Exploring the Aeolian Islands

While Italy’s mainland has a rich beauty with historic cities, rolling fields and tranquil towns, there comes a time when even the Italian locals want to get away on holiday. When they do, they almost always flock to the same area: the Aeolian Islands. Found in the Tyrrhenian Sea, just north of Sicily, the seven islands make up a dramatic landscape with black-sand beaches, smouldering craters and splintered, rocky coastlines. The islands are the perfect setting for quiet moments of reflection and complete relaxation. Join us as we explore the Aeolian Islands and escape the constant bustle of modern life.


A haven for the rich and famous, Panarea is easily the most luxurious and perhaps the most beautiful of the Aeolian Islands. Full of elegant hotels and stylish bars, yet it’s the island’s natural beauty that really steals the show.

The dark gold sandy beach of Zammarà and the magnificent bay of Cala Junca sit just moments away from the island’s most fascinating treasure - the historic beach of Calcara, where fumaroles steaming through sulphur-stained rocks led ancient Panareans to believe it was an entrance to the Underworld.


Twin-peaked Salina is the greenest of the islands and is home to Monte Fossa Delle Felci, which is the highest peak in the Aeolian Islands. Woodlands, wildflowers and grapevines cascade out to dramatic coastal cliffs, giving the distinct sense that the rest of the world is a long way away.

Santa Marina Salina, the main port, is home to pretty 19th-century houses and stylish boutique shops, while nearby Rinella boasts a beautiful and otherworldly black-sand beach. If you have the opportunity, an evening spent watching the sunset at Pollara, the setting for the 1994 film Il Postino, is a truly magical experience.


If you want to experience a slice of classic Italian romance, head to Stromboli. The island captured the imaginations of countless tourists in the 1950s as the setting for Ingrid Bergman and Roberto Rossellini’s film Stromboli, Terra Dio.

These days, the volcano is Stromboli's main attraction. It’s a majestic sight that rises dramatically from the sea, forming a picture-perfect silhouette that is both captivating and imposing. There are also beautiful beaches to enjoy, with a highlight being the little coves of black sand tucked into lava crags along the coast at Piscità, where you can take in stunning views of the islet of Strombolicchio.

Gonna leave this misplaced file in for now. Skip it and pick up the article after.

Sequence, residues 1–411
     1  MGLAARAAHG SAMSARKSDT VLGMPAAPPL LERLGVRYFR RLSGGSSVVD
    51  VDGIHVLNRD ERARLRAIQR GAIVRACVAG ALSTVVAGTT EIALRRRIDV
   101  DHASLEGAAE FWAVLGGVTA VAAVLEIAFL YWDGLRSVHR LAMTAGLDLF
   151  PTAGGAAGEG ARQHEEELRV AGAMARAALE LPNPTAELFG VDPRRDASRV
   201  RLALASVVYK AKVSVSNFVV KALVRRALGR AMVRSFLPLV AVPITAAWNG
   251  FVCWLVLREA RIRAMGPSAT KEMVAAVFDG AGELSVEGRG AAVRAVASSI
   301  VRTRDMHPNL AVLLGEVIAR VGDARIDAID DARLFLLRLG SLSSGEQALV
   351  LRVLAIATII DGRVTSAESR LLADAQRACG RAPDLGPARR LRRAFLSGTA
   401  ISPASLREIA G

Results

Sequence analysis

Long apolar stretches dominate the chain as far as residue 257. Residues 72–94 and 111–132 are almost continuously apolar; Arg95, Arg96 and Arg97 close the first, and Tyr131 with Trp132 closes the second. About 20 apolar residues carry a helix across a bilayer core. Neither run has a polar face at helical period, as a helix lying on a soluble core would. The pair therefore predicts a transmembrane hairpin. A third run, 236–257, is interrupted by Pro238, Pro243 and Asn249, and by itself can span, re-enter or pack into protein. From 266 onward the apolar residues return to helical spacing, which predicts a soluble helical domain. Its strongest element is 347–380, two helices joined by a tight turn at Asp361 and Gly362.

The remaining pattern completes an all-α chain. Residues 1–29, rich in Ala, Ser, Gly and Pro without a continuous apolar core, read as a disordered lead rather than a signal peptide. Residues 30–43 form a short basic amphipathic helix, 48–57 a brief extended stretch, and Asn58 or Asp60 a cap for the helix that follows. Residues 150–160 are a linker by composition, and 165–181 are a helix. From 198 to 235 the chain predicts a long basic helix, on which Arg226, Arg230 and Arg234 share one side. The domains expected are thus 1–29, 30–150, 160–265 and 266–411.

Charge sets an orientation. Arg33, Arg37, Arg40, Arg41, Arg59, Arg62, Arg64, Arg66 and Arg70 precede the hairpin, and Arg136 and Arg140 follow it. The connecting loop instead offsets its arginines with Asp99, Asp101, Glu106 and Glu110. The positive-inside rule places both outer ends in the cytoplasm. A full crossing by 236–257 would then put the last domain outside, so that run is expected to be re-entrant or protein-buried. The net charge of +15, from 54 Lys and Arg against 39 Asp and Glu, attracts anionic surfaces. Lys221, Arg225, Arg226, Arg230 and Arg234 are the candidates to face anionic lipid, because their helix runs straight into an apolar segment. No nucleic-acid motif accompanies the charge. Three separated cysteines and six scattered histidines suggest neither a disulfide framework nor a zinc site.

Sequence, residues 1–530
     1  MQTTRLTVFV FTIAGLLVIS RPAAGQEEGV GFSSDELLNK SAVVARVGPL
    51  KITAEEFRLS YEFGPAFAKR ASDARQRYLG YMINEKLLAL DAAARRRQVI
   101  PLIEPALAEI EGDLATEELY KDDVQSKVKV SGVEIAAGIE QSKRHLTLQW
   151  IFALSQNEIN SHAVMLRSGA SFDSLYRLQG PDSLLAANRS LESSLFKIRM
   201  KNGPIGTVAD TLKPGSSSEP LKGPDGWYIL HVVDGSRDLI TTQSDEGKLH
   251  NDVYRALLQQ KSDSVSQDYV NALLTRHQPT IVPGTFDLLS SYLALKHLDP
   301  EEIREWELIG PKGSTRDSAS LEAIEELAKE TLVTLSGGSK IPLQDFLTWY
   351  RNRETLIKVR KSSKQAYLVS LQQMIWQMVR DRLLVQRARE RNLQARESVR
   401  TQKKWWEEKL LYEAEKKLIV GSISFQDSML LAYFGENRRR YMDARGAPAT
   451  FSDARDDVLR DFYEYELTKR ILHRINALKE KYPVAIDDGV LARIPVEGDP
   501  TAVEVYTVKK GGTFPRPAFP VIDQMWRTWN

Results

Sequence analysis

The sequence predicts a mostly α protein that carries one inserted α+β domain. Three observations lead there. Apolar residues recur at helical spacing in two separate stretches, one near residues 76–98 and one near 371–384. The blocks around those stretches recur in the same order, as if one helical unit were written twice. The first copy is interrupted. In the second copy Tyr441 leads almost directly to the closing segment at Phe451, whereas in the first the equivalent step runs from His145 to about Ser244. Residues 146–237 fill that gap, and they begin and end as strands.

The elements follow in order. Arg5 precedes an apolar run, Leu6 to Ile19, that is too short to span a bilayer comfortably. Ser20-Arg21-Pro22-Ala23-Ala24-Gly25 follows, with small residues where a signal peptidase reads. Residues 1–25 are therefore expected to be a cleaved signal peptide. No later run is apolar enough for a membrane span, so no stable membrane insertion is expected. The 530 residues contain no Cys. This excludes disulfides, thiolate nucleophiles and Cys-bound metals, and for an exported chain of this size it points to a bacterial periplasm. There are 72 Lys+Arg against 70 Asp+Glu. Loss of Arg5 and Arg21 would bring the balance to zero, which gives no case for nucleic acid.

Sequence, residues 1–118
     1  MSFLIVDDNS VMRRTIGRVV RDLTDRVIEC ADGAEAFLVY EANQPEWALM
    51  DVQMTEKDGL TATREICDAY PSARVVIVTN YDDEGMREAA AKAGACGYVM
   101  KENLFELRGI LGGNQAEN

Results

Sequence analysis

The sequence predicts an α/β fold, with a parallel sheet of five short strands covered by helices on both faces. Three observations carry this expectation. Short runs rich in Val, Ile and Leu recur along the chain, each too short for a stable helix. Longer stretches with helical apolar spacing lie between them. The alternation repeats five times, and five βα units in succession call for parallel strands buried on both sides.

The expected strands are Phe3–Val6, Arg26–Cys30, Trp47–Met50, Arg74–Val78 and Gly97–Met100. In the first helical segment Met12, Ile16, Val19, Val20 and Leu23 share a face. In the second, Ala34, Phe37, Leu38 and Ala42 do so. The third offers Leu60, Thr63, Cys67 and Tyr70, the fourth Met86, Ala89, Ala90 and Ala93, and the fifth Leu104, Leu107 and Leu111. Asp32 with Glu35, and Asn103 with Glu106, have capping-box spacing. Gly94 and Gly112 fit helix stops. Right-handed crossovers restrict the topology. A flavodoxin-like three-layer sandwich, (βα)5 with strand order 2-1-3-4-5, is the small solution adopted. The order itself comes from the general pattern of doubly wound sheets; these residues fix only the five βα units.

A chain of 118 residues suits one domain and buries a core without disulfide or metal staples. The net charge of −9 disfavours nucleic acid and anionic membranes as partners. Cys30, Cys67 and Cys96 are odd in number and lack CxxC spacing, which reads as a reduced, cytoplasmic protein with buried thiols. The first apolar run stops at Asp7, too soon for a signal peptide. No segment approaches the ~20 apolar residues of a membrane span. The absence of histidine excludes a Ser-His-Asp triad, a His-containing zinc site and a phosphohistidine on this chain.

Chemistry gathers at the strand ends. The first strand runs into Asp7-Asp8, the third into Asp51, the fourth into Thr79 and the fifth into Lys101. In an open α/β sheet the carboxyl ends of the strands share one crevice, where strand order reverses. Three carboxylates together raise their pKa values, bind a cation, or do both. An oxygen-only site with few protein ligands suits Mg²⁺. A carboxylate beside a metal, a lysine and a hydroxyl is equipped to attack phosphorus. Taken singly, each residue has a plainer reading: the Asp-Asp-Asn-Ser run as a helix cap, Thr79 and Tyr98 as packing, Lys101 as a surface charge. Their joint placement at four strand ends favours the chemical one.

The largest of the islands, Lipari is the only one with a sizeable town – giving it the deserved reputation as the gateway to the Aeolian Islands. The town is home to a fortified acropolis, flower-hung alleys and the pretty harbour of Marina Corta, where the inviting pastel shades of the picturesque buildings dazzle above the sparkling water just seconds away.

Moving away from the town, the island’s natural beauty is just as impressive, with peaceful windswept highlands that give way to a dramatic coast that offers visitors a feeling of true connection with nature, where the wild and rocky cliffs tower above the splintered rocks that lie just offshore.


Home to a constantly smouldering volcano, warm mud baths and bubbling mid-sea fumaroles, Vulcano has been impressing visitors with its rugged beauty since the days of the Romans.

The Fossa di Vulcano, a smoking volcano that rises high above the northeastern coast, is the main attraction and exploring the rest of the island reveals a landscape that’s surprisingly diverse. In Porto di Levante you’ll find a busy seaside town, while in Gelso you’ll be able to swim out from incredible volcanic beaches. Then there’s the island’s peaceful centre where you’ll find lush greenery and fragrant gardens accompanied by the sweet sound of birdsong.